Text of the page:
- Improving an individual’s performance:
Internal coaches might not have the bandwidth or the expertise to solve a manager’s problem with specific employees. It may be important to identify potential departments which need help with performance over the course of a year, and discuss issues with the managers of these teams. Once the problem has been identified a dedicated coach may be appointed. This Coach can enable individuals in the team perform better and achieve targets which have perhaps been missed.
- High potential individuals:
Organisations reach out to us regularly seeking support for their Fast trackers. As an HR leader, I am sure you have your own list of individuals who are high potential and only need some polish. I believe dedicated development programs for these stars help increase retention. Such programs must have coaching as an essential element, besides the usual areas of competency development. Bringing in an external coach to help with the development of these individuals will improve the organisation’s repository of leadership skills and demonstrate your willingness to invest in talent for the future.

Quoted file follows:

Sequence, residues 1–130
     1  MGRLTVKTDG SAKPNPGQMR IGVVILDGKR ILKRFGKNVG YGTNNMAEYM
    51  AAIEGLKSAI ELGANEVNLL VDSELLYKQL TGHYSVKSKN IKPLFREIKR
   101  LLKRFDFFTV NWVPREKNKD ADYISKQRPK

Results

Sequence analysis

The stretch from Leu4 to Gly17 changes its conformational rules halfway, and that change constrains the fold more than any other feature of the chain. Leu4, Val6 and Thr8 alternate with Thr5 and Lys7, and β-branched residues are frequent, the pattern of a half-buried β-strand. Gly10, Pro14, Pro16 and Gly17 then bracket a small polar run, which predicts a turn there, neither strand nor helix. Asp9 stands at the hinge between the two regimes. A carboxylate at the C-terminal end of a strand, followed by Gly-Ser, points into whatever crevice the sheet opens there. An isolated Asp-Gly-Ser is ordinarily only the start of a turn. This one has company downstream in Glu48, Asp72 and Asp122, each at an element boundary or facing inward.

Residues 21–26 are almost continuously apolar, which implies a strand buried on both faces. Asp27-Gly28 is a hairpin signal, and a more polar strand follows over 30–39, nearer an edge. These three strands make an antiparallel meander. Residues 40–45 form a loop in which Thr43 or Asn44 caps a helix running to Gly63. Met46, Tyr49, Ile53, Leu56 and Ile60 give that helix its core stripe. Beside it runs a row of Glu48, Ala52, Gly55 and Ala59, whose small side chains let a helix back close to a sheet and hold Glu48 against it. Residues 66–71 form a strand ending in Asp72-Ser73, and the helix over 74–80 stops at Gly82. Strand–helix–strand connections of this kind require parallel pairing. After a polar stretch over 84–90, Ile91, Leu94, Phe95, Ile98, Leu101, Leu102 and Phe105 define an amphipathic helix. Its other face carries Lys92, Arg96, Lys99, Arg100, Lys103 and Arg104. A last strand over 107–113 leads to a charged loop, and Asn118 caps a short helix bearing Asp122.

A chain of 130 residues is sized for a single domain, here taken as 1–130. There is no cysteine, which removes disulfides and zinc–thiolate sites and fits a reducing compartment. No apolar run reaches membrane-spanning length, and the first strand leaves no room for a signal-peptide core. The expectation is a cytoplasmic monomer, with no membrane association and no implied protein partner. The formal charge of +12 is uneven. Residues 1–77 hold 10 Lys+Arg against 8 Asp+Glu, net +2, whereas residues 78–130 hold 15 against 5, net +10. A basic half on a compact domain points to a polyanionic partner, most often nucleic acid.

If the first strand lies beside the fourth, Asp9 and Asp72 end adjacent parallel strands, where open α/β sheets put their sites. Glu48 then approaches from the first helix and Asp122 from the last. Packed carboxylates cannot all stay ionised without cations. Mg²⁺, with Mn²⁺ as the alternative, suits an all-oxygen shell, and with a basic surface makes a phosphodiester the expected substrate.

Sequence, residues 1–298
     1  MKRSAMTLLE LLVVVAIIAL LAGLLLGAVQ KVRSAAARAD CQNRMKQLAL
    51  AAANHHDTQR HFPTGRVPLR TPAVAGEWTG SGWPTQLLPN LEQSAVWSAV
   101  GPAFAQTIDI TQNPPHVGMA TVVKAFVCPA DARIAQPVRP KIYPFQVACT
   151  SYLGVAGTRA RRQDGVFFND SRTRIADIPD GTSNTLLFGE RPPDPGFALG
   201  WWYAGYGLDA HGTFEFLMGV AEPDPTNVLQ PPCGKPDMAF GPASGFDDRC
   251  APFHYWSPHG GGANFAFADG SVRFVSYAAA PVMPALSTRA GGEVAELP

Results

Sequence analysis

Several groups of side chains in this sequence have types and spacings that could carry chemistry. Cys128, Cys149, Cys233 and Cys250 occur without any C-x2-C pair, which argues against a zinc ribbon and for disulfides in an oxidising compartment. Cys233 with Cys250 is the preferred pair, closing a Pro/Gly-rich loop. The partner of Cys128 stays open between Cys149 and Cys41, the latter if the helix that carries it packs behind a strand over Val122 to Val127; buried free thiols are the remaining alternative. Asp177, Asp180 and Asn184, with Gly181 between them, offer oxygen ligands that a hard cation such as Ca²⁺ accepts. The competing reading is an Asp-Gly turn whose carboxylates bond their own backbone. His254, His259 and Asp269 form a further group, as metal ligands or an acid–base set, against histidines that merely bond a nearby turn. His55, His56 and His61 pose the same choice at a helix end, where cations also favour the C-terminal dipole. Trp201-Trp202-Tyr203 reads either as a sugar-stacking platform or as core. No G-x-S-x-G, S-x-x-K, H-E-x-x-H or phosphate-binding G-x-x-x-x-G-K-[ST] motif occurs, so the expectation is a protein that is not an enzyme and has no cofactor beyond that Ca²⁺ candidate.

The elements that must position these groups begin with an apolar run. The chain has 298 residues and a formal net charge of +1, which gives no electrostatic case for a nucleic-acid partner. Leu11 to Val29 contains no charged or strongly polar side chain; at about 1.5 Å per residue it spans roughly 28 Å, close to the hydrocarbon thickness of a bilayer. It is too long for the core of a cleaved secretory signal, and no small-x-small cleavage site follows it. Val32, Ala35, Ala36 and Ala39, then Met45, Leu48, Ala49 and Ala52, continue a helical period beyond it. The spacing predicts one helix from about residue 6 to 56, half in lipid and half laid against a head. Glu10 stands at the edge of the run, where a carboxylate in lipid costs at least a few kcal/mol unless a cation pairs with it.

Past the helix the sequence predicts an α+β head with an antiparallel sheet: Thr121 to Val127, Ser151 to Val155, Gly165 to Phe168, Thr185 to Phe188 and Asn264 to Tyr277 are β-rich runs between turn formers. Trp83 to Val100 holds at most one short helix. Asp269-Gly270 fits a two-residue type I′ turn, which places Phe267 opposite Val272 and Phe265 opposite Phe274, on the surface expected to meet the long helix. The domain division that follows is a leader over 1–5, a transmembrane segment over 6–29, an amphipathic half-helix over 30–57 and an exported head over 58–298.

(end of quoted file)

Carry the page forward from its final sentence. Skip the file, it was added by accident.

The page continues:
- Situations fraught with internal politics:
In a situation where conflict or politics have the potential to disrupt the expected retention rate, skill development, or performance targets, the people management team (or should I just use Human Resources), might be best served by bringing in an external coach. These coaches can be charged with solving specific issues, and they will largely not be influenced by internal politics. While you are the best judge of identifying situations which need expert care, you might want to focus on departments with stable hierarchy and declining team performance, where the leaders are not able to pinpoint the issues.
- Need for specialty coaching skills:
When the problem is expressly identified and is well articulated, it might be useful to bring in external experts and document the process used to fix the problem. This will save you internal bandwidth and also help document a process which can potentially be used in similar situations in the future. External coaching can be very efficient and help uncover underlying systemic issues.
While I might be construed as being biased (knowing that one is biased is the first step to a resolution!) towards external coaches, I have observed many benefits of internal coaching. It would perhaps be better to label me as being biased towards coaching in general (as long as you agree that external coaches are almost as useful as internal ones). Whether you seek help with an external or an internal coach, I strongly believe Coaching is here to stay and if leveraged correctly and to its full potential, organisations will observe a boost in employee productivity, with the added benefit of individual success and a feeling of well being and happiness in their roles.